February 15, 2010

Malabou deserves to be considered one of the major contemporary philosophers in the world today

Zizek told me I should read Catherine Malabou’s book on Hegel, The Future of Hegel. I’d heard of Malabou before, since she wrote Counter-Path with Derrida, but it’s just not possible to read every book Derrida has published, and I had not read it. By the way, this meeting in Philadelphia was also the seed that became the Insurrections book series with Columbia University Press, particularly when Jeff Robbins contacted Wendy Lochner at Columbia about the project, since Columbia was reviewing the book he edited with Caputo and Vattimo, After the Death of God, which became the first book in the series… Fordham was already working on What Should we do with our Brain?, so I read La plasticité au soir de l’écriture and again, was blown away by the clarity and forcefulness of her thought, as well as its manifesto-like quality…

I have been and still am influenced and impressed by the weak messianic force that Derrida draws from Walter Benjamin and deploys in ethical and political contexts. It was with considerable fear and trembling that I developed a critique, relying upon Malabou’s philosophy…. Nancy’s brief explication of the term déclosion (translated as dis-enclosure) has resonances with Malabou’s idea of plasticity. I develop this reading more fully in the last chapter of my book on Radical Political Theology, forthcoming from Columbia University Press. Plasticity at the Dusk of Writing—Introduction from An und für sich by clayton crockett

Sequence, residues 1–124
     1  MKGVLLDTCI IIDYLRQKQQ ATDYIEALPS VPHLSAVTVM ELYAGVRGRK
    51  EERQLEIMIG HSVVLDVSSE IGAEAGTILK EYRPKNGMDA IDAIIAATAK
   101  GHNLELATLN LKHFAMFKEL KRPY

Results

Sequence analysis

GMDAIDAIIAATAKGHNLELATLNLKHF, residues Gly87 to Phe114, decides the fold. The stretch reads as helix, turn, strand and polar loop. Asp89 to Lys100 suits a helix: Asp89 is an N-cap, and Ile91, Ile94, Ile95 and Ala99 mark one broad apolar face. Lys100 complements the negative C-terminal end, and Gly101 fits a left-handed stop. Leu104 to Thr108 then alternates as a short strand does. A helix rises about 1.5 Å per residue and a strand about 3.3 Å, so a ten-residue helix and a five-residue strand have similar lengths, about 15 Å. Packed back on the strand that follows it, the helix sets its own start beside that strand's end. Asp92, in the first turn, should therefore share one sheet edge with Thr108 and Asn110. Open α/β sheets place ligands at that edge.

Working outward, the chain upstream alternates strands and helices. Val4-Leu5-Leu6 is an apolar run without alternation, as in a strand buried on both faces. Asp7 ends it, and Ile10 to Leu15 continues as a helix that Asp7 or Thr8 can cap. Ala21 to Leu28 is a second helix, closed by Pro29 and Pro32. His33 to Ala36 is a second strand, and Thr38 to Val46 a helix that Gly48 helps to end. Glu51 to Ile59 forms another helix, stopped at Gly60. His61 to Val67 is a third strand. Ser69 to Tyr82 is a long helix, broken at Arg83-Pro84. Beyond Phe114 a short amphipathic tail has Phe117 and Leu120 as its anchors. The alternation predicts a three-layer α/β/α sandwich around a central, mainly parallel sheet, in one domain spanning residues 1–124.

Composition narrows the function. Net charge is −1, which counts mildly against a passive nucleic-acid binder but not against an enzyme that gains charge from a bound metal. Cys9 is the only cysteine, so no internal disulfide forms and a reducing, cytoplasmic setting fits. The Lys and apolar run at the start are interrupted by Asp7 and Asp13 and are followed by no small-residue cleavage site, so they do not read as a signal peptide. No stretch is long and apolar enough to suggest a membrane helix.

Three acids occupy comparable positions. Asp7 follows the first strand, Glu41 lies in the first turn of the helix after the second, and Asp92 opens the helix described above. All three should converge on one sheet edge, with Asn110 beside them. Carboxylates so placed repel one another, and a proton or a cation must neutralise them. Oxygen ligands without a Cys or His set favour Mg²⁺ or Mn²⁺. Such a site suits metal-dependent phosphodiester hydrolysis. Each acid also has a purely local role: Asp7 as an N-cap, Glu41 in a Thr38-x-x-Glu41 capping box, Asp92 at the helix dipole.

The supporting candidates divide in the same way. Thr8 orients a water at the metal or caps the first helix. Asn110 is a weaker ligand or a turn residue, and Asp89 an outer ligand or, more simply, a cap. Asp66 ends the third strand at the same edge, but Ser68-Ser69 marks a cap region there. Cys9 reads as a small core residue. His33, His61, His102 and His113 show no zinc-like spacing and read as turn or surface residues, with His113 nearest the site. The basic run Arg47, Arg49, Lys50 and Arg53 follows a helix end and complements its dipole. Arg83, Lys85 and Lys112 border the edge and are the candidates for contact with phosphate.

Most sociologists of religion seem to agree on two things. First, that the growth of interest in religion---in academia, the media, and society at large---has been accompanied by an increasingly vigorous research agenda in the sub-discipline. And second, that the sociology of religion is currently in a period of paradigmatic reflection. While the “new paradigm” put forward by Stephan Warner in 1993 helped awaken the field from the “dogmatic slumber” into which it was lulled by secularization theory, scholars continue to reflect on the basic conceptualization of religion and religious practice, as well as on the nature of the relationship between religious practice, institutions, and the sociology of religion itself. The emerging strong program in the sociology of religion from The Immanent Frame by David Smilde

As Cardinal Schönborn points out in his foreword to Gilson's From Aristotle to Darwin & Back Again: A Journey in Final Causality, Species and Evolution, "reductionist accounts of evolution" are only "the visible parts of an intellectual iceberg," so that "the issues that lie under the surface of the current evolution debate are ultimately far larger and more important." 

Something unique and unprecedented in human history occurred with the American founding. Somehow, Americans stumbled upon the very means to unleash human potential through liberty, individual initiative, free markets and representative democracy, to become the unrivaled economic, scientific, and political leader of the world. How did they do it?

I just recently read What Hath God Wrought: The Transformation of America, 1815-1848, and there is an instructive passage about the American intellectual consensus of the early 19th century, at the very time we began our ass-kicking world-historical ascent (and bear in mind that this is a secular scholar with no religious agenda whatsoever): The Fractured Fairy Tale of Darwinian Evolution from One Cosmos by Gagdad Bob

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